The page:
Published on : Wednesday, January 9, 2019
The Hong Kong government is assessing the potential fallout from the possible collapse of the city’s third largest airline during the coming Lunar New Year peak travel period, with the authorities considering putting together a contingency plan.
The Transport and Housing Bureau (THB) and the Security Bureau of Hong Kong were asked to comment on the risk assessment measures involving Hong Kong Airlines, which could include coordinating special flight arrangements with other carriers in case of a sudden shutdown.“The impact would be enormous as tens of thousands of travellers might be stuck abroad if the carrier suddenly shut down in travel peak season,” one source said. “Regardless of the chances, the authorities should be prepared.”
Without confirming or denying the plan, a THB spokeswoman said it noted the airline had already issued a statement, and the government had “nothing to supplement”. The Security Bureau referred inquiries to the THB for comment.
As conjecture mounted over the airline’s increasingly parlous financial state, the beleaguered carrier over the weekend slammed the “untrue and groundless speculation” about the company ceasing operation and applying for liquidation.
“The company has been and is continuing to operate as normal. We remain committed to offering our best service to customers who have chosen to support and fly with us,” the airline said in a statement last Saturday. The company has been contacted for comment on the contingency measures being considered.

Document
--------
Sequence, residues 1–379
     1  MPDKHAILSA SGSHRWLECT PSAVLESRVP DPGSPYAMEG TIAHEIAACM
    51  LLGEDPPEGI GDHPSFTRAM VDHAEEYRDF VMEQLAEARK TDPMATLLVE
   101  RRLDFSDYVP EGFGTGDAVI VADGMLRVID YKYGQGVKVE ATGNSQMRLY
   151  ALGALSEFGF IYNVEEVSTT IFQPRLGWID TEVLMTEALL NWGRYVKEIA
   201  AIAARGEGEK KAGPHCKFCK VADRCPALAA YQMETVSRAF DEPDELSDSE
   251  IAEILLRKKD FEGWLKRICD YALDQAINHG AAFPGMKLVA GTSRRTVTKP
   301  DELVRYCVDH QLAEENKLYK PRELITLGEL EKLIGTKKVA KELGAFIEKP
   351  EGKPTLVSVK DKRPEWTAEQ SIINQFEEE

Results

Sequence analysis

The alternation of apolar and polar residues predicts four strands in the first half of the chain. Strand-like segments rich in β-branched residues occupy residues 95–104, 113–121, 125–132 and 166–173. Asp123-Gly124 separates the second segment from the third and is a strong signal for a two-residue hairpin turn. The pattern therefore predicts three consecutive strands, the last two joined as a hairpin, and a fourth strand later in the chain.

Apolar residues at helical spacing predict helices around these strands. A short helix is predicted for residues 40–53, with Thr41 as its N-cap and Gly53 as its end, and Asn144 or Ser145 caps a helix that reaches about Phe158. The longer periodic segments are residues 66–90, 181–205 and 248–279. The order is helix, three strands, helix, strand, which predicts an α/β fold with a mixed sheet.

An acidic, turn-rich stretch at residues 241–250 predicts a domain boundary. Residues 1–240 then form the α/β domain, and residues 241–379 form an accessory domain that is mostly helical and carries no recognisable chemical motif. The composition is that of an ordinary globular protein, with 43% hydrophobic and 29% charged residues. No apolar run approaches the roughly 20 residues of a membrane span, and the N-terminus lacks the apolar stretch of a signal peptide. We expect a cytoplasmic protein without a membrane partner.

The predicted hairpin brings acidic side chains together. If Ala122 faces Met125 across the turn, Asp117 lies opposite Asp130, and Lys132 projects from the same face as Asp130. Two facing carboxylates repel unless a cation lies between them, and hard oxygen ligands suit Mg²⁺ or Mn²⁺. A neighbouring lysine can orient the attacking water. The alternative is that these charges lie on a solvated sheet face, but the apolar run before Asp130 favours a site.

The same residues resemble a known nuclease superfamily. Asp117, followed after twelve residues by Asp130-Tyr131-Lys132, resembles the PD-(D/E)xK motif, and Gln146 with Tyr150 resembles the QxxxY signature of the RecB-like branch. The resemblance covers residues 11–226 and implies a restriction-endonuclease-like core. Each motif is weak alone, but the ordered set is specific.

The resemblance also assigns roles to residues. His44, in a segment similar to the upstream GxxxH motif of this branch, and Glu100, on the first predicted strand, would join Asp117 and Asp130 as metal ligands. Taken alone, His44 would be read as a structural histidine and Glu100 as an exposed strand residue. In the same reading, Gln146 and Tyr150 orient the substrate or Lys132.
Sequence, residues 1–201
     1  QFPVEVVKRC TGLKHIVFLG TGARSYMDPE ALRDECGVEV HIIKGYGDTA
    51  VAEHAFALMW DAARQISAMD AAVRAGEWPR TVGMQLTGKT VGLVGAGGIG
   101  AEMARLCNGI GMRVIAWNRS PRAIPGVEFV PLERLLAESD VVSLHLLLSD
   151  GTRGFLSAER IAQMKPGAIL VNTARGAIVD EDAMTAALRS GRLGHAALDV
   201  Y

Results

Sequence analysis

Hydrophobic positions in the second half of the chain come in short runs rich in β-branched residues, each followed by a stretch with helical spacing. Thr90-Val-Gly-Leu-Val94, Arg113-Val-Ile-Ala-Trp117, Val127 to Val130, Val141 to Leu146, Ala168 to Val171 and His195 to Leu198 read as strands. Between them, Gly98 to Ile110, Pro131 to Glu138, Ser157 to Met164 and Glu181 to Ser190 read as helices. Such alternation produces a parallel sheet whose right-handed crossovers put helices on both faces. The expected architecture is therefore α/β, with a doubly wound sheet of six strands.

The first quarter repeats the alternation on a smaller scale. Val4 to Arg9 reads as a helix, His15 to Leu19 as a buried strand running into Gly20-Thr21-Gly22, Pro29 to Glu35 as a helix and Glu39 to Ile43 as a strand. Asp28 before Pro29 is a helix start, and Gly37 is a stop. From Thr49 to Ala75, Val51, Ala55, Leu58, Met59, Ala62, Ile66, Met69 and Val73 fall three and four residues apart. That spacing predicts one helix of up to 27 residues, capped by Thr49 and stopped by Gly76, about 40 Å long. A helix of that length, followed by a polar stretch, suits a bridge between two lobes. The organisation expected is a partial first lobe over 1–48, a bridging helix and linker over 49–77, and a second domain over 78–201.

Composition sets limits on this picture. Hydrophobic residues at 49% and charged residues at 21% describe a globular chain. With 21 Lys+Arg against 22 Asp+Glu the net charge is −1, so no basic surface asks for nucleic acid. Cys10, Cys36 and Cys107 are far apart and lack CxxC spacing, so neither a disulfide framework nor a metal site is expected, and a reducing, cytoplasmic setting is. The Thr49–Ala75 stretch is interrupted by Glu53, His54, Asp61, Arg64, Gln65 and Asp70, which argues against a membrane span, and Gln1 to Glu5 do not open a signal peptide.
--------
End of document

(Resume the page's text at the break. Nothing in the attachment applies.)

Hong Kong Airlines is controlled by debt-laden aviation-to-finance Chinese behemoth HNA. A US$50 billion worldwide spending binge on assets like property, banks, hotels and more had pushed the mainland conglomerate to the brink. Meanwhile it emerged on Monday that China Development Bank (CDB), HNA’s biggest creditor, would rescue the embattled airline by providing more than US$550 million in funds to pay off impending debts due on January 20, industry publication REDD Intelligence reported, staving off an imminent crisis for the company.
The airline operates 38 passenger aircraft flying to 36 destinations, creating a vastly more complex planning process across multiple government departments and the private sector in the event of a contingency plan to rescue passengers being activated.
The failure of a company the size of Hong Kong Airlines would be the biggest since Air Berlin collapsed in 2017. A string of small to medium-sized airlines, mainly in Europe, have flown into financial trouble since. And a handful of Asian carriers are facing difficulties, including India’s Jet Airways.
This would not be the first time the city’s government has considered and coordinated emergency measures to prepare for the sudden closure of an airline. In April 2008, Oasis Hong Kong, which offered discounted long-haul flights to London and Vancouver, closed after only 18 months with more than HK$1 billion in losses since its launch in October 2006. It was the world’s first budget long-haul airline.
The decision left 50,000 travellers in limbo, including students studying abroad, close to the end of the Easter holiday. The government at the time made special arrangements with Cathay Pacific and British Airways to offer extra flights, especially one-way tickets with discounted fares and priority bookings for students returning to schools in Britain.
The Hong Kong Immigration Department also flew officers to London and Vancouver to help stranded residents, with the support of local staff at the Hong Kong Economic and Trade Offices in both locations.
Hong Kong Airlines carried 7.64 million passengers last year. It employs 3,900 staff, of whom 90 per cent are understood to be Hong Kong-based workers.